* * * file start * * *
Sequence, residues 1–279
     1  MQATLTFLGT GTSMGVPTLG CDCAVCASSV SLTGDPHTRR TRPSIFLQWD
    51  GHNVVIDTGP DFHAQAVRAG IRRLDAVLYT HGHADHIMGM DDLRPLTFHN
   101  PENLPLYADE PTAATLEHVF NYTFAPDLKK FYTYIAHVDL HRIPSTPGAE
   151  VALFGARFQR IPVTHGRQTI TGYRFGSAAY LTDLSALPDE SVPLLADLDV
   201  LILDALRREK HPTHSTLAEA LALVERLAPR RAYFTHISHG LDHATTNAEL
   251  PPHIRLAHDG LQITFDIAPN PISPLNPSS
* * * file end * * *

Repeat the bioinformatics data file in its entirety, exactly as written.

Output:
Sequence, residues 1–279
     1  MQATLTFLGT GTSMGVPTLG CDCAVCASSV SLTGDPHTRR TRPSIFLQWD
    51  GHNVVIDTGP DFHAQAVRAG IRRLDAVLYT HGHADHIMGM DDLRPLTFHN
   101  PENLPLYADE PTAATLEHVF NYTFAPDLKK FYTYIAHVDL HRIPSTPGAE
   151  VALFGARFQR IPVTHGRQTI TGYRFGSAAY LTDLSALPDE SVPLLADLDV
   201  LILDALRREK HPTHSTLAEA LALVERLAPR RAYFTHISHG LDHATTNAEL
   251  PPHIRLAHDG LQITFDIAPN PISPLNPSS